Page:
BRANDON — On Tuesday, Kingswood Elementary served as the launching pad for an out-of-this-world competition.
More than 1,100 Hillsborough County elementary students will compete to have their science experiment conducted at the International Space Station next year. The competition is part of the National Center for Earth and Space Science Education (NCESSE) NanoRacks program.
“They’re working on science experiments that can be conducted in zero gravity,” said Scott Coonfare, fifth-grade teacher at Kingswood and lead project manager for the school’s student space program. “They also have to write a five-page proposal, just like with a real-life science project.”
Coonfare said 105 fifth-grade students will work in teams of three on their respective projects.
The kickoff this week included a visit from Kennedy Space Center engineer George Gabrielle. He answered questions about the space program and showed videos filmed inside the International Space Station.
“I love coming and talking to you guys,” Gabrielle told the assembled fifth graders. He also stressed the importance of staying in school and dreaming big. “It’s important to always have goals, and it’s even more important to never give up.”
Besides Kingswood, the 11 other Hillsborough County elementary schools taking part in the competition are FishHawk, Frost, Gibsonton, Kenly, Lomax, Mango, McKitrick, Morgan Woods, Philip Shore, Reddick and Sheehy.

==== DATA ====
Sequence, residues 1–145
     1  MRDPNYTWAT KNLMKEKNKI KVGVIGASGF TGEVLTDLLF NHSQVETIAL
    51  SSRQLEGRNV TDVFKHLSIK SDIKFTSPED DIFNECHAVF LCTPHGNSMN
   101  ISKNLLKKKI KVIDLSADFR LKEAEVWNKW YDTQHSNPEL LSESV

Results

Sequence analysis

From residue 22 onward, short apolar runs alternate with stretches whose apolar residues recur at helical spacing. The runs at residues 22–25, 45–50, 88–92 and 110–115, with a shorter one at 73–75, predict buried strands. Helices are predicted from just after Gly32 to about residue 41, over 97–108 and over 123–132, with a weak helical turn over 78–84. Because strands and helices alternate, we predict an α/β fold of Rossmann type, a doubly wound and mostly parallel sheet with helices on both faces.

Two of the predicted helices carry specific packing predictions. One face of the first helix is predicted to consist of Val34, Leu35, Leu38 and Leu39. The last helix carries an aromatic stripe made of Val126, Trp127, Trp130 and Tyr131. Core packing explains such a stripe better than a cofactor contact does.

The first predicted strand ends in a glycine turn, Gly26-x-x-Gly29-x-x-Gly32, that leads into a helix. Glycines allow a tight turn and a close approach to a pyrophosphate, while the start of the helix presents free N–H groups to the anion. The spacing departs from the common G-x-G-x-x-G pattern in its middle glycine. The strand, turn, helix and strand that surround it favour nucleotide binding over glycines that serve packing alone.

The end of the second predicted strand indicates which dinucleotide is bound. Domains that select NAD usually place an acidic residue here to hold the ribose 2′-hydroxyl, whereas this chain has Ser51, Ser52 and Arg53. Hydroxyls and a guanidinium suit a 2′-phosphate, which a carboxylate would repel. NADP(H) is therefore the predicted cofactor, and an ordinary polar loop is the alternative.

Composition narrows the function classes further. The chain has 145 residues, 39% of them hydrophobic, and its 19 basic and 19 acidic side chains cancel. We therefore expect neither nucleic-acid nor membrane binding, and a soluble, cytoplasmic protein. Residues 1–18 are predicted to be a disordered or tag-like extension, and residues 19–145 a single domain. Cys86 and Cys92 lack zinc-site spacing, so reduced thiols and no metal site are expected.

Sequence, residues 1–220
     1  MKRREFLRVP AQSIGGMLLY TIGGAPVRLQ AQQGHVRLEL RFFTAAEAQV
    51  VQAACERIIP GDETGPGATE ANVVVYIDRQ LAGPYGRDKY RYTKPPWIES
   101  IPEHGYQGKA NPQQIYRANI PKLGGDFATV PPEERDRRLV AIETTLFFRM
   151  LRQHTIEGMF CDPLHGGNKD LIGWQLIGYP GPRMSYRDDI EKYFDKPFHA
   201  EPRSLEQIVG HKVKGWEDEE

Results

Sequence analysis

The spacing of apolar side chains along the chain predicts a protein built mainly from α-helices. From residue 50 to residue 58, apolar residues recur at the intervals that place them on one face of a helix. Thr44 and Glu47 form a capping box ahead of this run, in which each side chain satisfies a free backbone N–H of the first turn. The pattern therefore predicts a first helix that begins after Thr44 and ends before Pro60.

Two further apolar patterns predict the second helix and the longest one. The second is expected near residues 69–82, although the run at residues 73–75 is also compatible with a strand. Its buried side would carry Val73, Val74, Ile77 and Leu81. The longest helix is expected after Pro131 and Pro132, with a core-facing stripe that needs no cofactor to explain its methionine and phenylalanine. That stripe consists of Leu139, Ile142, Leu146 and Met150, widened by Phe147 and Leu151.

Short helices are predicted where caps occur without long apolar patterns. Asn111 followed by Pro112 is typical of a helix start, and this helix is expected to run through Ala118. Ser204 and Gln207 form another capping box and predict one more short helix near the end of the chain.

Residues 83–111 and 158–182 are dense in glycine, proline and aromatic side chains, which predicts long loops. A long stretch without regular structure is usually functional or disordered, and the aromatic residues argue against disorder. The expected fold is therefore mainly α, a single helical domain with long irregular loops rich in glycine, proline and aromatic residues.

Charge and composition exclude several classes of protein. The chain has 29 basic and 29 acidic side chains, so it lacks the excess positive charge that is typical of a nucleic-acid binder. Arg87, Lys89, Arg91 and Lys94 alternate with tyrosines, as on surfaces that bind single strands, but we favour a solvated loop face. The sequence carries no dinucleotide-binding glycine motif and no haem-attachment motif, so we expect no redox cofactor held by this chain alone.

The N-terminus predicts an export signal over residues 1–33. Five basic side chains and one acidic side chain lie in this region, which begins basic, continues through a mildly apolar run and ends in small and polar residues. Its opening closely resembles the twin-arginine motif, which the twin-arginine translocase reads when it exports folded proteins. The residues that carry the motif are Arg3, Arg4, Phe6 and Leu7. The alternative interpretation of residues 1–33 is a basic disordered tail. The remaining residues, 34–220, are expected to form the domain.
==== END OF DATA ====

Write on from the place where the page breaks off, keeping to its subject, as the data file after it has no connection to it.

Hillsborough schools are able to take part in the competition for the first time thanks to a $19,500 grant from the Suncoast Schools Federal Credit Union Foundation. The district also received an additional $2,000 from the Florida Space Grant Consortium at the University of Central Florida.
Each participating school will produce one winning team — based on design, experiment samples, a time line and science proposals — which will be announced Nov. 11.
A school district review board then will select three Hillsborough finalists on Nov. 22. Those finalists will have their experiments submitted to the NCESSE review board, which will select one winner in late December.
That winner will see their experiment blasted into space and tested at the International Space Station next year. The winning team also will travel to the Smithsonian’s National Air and Space Museum in Washington, D.C.
Gabrielle and Coonfare supervised a team of Kingswood students as they performed one such experiment — the “elephant toothpaste” exothermic chemistry demonstration — during Tuesday’s kickoff.
“Since the beginning of the school year, the students have been watching NASA TV and other space station videos,” Coonfare said. “There’s great interest in these experiments and everything having to do with space.”